a year ago
Do you know how to spell the word "Bewusstseinslage"? What IS "Bewusstseinslage", anyway? Well, there are school kids in US who not only know the meaning of the word, but nail its crazy spelling. This noun adopted from German is read as buh-voos-tines-lahga, which means "a state of consciousness or a feeling devoid of sensory components."
Fortunately, words like this can be heard and used predominantly within the Scripps National Spelling Bee, the largest spelling contest across the USA. This year’s winner Karthik Nemmani, 14, from McKinney, Texas, took the championship by storm spelling the word "koinonia." Koinonia means "the Christian fellowship or body of believers." And it’s not the only peculiar word spelt in a contest. The Typical Student team has put together a list of words from the spelling contest to only ask yourself: "Why the heck are those kids so smart?"
Want to check how much new words you have learned? Go ahead and take a Spelling Bee QUIZ: Can You Guess the Meaning of the Words?
Scripps National Spelling Bee Contest 2018 Word List
According to the report made by FiveThirtyEight, suggests that 54% of the words spelt in the contest are of Latin, Middle English, French or New Latin origins. No wonder they’re so hard to pronounce! Check out the HARDEST words list from the Scripps National Spelling Bee Contest 2018 (all the definitions are taken from the Merriam-Webster Dictionary)
1. Amyloid (am-uh-loid, adjective, Latin & Greek): a waxy translucent substance consisting primarily of protein that is deposited in some animal organs and tissues under abnormal conditions (such as Alzheimer's disease).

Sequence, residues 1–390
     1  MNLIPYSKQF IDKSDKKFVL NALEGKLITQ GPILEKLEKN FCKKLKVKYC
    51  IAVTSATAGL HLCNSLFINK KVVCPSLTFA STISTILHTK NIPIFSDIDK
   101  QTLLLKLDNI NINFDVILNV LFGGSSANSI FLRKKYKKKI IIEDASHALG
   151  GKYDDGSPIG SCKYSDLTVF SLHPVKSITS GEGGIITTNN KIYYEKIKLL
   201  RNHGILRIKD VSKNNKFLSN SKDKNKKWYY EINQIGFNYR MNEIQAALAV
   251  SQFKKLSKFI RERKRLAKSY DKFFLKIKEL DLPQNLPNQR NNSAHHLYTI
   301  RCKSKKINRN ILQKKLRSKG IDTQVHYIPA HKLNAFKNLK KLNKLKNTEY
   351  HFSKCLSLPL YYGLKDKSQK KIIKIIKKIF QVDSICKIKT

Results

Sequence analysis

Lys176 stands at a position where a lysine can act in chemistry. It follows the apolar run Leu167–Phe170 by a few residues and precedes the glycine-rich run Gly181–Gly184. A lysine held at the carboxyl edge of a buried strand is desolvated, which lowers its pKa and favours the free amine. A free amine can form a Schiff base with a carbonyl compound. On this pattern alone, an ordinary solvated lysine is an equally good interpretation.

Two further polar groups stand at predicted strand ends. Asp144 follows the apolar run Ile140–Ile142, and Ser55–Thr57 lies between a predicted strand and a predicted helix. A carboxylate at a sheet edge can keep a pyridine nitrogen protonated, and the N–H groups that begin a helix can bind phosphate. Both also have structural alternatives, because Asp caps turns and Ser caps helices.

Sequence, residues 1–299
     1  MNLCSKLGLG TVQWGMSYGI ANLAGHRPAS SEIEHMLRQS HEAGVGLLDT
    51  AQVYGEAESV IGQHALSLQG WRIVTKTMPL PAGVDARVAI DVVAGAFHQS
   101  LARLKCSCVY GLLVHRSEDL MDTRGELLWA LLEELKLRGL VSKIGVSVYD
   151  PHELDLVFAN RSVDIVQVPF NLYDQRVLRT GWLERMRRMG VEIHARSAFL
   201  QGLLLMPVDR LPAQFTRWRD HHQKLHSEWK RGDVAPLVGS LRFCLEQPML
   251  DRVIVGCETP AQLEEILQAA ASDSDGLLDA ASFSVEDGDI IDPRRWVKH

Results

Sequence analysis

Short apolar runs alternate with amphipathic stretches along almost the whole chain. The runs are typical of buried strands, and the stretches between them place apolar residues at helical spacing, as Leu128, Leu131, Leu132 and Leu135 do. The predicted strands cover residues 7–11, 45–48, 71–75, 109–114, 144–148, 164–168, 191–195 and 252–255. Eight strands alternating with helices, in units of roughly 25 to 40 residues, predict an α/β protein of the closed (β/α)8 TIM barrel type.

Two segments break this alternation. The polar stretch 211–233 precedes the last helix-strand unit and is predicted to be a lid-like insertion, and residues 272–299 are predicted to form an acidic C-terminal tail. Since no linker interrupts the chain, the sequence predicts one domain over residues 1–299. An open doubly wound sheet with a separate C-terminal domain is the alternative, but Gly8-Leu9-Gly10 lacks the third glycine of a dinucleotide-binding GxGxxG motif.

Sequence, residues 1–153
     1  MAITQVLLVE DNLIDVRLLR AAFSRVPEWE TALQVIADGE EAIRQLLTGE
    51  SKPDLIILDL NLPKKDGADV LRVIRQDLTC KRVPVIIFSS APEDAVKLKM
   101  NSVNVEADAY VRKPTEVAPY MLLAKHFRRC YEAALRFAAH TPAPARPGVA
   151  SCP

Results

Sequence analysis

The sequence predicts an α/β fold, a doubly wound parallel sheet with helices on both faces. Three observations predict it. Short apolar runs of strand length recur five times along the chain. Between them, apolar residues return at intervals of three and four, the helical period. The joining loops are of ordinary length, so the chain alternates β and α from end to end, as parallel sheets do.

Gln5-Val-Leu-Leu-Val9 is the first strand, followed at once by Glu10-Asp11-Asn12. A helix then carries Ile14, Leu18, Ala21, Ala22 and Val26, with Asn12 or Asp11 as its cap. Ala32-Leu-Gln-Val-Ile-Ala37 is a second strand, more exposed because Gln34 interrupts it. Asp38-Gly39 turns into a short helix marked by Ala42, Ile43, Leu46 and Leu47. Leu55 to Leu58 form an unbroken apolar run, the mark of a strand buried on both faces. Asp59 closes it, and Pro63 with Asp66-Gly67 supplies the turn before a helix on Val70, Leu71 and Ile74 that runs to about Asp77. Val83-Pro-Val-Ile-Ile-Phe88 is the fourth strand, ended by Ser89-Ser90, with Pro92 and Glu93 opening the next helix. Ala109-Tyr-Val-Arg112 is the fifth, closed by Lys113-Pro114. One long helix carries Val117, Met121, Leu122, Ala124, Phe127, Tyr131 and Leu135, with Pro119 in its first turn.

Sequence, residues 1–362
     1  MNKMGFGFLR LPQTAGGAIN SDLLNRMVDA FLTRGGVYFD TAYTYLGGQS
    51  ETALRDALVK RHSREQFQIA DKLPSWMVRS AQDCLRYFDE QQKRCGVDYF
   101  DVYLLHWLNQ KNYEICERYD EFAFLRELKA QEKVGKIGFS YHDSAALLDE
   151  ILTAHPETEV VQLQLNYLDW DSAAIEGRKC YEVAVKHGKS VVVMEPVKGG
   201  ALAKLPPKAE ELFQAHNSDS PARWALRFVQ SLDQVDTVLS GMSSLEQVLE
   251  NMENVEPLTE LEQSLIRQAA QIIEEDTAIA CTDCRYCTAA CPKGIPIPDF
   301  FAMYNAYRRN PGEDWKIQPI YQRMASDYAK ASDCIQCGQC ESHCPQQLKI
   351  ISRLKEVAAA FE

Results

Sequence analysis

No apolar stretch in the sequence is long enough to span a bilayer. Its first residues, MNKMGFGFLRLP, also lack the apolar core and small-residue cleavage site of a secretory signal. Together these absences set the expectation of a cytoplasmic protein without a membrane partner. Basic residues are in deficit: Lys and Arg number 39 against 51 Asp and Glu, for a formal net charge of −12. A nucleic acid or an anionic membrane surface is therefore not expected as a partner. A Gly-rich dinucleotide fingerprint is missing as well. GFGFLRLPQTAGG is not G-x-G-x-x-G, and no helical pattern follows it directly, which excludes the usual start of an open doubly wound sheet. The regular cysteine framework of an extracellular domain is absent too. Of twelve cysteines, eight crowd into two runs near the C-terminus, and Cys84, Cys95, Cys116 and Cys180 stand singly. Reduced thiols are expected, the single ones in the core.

2. Bewusstseinslage (buh-voos-tines-lahga, noun, German): a state of consciousness or a feeling devoid of sensory components.
3. Cantal (kahn-tawl, noun, French): a hard cheddar-type cheese made in the south of France.
4. Chaudfroid (shoh-frwah, noun, French): a jellied sauce (as a white or brown sauce fortified with gelatin) used as a garnish especially for meat or fish.
5. Condottiere (condo-teeair-ay, noun, Italian): a leader of a band of mercenaries common in Europe between the 14th and 16th centuries.
6. Grognard (grogg-nard, noun, French): an old soldier.
7. Haecceitas (heck-see-uh-tass, noun, Medieval Latin): the status of being an individual or a particular nature.
8. Metatarsus (met-uh-tarsus, noun, New Latin): part of a human foot or of a hind foot in quadrupeds, between the ankle and the toes.
9. Miarolitic (mee-uh-roe-litic, adjective, Italian-derived): characterized by irregular cavities into which well-formed crystals project.
10. Poutine (pu-teen, noun, French Canadian): a dish of French fries covered with brown gravy and cheese curds.
11. Uraeus (ur-ee-us, noun, New Latin): a representation of the sacred asp (Naja haje) appearing in ancient Egyptian art and especially on the headdress of rulers and serving as a symbol of sovereignty.
12. Soubresaut (sue-breh-sow, noun, French): a ballet jump from and a landing on both feet in closed position.
Do you think you can do well in a competition like this? These spelling kids have some nerve!
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